Monday, April 03, 2006

Tax Protesters and the Thirteenth Amendment

There are many, many strange and tenuous arguments that some tax protesters advance to justify not paying their taxes. One of my favorite is the "Phantom 13th Amendment" argument.

There was proposed, in the 11th Congress (1809-11), a constitution to the amendment called the Titles of Nobility amendment. The text read as follows:

If any citizen of the United States shall accept, claim, receive or retain, any title of nobility or honour, or shall, without the consent of Congress, accept and retain any present, pension, office or emolument of any kind whatever, from any emperor, king, prince or foreign power, such person shall cease to be a citizen of the United States, and shall be incapable of holding any office of trust or profit under them, or either of them.

The amendment passed the house and senate and has been ratified by 12 states. Technically, it is still pending.

In 1861, the legislature in Colorado printed a copy of this Amendment an entitled it the 13th amendment. Tax protesters take this to somehow mean that the Titles of Nobility amendment is a valid and functioning amendment to the constitution. As such, the argument goes, attorneys employed by the IRS and politicians admitted to the bar are not citizens of the United States because they stick the title "Esquire" at the end of their names. This is a title of nobility.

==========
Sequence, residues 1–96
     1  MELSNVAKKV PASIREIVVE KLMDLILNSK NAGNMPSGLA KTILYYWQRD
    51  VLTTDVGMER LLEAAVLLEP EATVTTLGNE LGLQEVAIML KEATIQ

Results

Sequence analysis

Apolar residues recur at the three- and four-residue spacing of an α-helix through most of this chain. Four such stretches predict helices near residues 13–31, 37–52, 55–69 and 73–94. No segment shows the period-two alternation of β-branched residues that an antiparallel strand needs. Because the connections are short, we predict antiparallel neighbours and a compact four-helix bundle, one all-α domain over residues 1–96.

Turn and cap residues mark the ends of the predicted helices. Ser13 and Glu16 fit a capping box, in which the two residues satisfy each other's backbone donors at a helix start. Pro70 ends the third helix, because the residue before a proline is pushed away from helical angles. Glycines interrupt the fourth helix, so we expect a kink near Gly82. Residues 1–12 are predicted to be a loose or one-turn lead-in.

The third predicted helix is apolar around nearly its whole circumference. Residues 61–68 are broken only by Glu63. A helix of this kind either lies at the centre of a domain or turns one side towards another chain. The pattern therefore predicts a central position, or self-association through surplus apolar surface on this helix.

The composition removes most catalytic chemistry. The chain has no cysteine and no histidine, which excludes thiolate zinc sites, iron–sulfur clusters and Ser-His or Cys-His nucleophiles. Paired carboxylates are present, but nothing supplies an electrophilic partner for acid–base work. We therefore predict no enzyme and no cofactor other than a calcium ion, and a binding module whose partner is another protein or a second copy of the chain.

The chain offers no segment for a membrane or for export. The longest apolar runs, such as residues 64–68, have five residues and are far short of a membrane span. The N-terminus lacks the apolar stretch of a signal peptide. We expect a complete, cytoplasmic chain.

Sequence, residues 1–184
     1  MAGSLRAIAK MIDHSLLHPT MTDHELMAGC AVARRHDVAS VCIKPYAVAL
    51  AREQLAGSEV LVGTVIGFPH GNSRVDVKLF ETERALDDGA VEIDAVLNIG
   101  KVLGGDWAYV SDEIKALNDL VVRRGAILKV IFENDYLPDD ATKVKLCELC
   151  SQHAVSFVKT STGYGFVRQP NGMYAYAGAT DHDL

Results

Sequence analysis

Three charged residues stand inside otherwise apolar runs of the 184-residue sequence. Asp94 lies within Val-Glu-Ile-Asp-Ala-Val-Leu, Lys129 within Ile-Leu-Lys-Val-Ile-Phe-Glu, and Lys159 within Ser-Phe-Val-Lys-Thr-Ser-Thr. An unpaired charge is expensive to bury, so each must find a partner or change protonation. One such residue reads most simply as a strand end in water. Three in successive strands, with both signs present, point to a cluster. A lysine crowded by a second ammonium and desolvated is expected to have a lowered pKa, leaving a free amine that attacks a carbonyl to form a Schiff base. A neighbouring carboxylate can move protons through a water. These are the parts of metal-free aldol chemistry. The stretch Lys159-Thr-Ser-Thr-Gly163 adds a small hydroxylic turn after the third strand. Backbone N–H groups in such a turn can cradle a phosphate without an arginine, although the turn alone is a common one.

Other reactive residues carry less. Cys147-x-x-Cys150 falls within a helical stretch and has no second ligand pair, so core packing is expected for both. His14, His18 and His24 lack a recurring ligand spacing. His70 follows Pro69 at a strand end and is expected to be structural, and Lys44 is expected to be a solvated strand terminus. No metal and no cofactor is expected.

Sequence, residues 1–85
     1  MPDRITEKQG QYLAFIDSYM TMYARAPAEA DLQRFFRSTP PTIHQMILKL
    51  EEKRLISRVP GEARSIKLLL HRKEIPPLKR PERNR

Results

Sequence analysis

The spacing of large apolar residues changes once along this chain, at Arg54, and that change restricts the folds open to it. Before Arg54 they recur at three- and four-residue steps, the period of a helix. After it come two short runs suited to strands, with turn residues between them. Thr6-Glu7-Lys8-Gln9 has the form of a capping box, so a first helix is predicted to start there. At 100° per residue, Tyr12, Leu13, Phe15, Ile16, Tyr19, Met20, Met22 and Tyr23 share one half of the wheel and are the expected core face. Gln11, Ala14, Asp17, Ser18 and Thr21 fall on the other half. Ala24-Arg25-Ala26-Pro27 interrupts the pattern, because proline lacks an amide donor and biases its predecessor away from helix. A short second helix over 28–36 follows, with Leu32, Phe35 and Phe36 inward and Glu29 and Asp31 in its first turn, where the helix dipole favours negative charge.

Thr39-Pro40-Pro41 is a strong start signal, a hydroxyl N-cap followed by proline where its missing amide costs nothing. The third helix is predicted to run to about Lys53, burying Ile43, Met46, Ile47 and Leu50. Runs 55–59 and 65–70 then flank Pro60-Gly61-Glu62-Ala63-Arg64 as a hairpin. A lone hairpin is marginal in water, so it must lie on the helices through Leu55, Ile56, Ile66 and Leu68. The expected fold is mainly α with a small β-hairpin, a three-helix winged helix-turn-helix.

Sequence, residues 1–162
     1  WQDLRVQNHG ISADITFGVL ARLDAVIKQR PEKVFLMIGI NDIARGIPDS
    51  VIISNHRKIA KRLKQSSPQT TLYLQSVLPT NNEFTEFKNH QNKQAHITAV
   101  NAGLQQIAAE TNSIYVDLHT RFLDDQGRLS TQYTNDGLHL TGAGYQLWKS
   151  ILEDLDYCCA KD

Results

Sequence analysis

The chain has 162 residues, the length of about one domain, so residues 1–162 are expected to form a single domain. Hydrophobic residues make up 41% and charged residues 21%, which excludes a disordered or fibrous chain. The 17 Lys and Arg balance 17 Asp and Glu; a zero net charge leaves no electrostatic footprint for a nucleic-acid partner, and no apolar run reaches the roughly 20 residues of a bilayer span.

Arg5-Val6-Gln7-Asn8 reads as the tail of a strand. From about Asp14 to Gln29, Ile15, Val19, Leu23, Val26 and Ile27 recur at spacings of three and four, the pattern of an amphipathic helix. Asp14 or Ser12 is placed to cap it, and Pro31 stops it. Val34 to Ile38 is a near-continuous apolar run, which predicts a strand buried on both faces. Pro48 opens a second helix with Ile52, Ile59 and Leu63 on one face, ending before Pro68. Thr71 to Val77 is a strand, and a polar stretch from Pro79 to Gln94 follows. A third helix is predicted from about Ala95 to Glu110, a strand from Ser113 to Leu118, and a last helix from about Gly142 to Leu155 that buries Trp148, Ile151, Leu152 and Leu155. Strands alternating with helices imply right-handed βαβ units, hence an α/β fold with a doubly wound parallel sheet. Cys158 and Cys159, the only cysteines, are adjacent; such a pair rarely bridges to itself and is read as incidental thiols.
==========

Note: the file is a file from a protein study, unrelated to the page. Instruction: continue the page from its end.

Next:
This argument was summarily dismissed by the judiciary. If you try to raise it in court, it will be considered a frivolous argument and you will be fined.

The argument did pique my curiosity however, and I searched for the history of the Phantom Amendment. What I found had nothing to do with titles of nobilities. Instead, I found that the phrase "Phantom Amendment" applies to a proposed amendment passed by the 36th Congress in 1861, the last year of Buchanan's presidency and the year before Lincoln was elected.

The amendment was proposed by Rep. Corwin following the secession of four (or seven, I don't know) southern states. The text was as follows:

No amendment shall be made to the Constitution which will authorize or give to Congress the power to abolish or interfere, within any State, with the domestic institutions thereof, including that of persons held to labor or service by the laws of said State.
12 Stat. 251

Not a pleasant constitutional amendment, but it passed the House and Senate by the slimmest margins. It was then signed by Buchanan, even though the Constitution does not provide that a President can sign (or veto for that matter) a proposed amendment. Thus his signature was meaningless. The amendment was then sent to the states for ratification. Technically, like the Titles of Nobility amendment, Corwin's amendment is still pending. So far, two states have ratified it.

An interesting side note, and another reason to dislike Honest Abe (aside from his suspension of habeas corpus during the civil war) is that during the amendment's consideration in the house and senate, Abe actively lobbied for it's passage. Great emancipator my ass.

Anyway, that's what I did this morning, and I was actually able to get a PDF of the Corwin amendment on LexisNexis.


Blogger Matt said...

I like the idea that there's an argument that, if you bring it, will get your ass fined.

"Yes, that's very clever. Unfortunately for you, that argument is called Pascal's Wager, and by law you now owe me a thousand dollars. Pay up."

4:13 PM  

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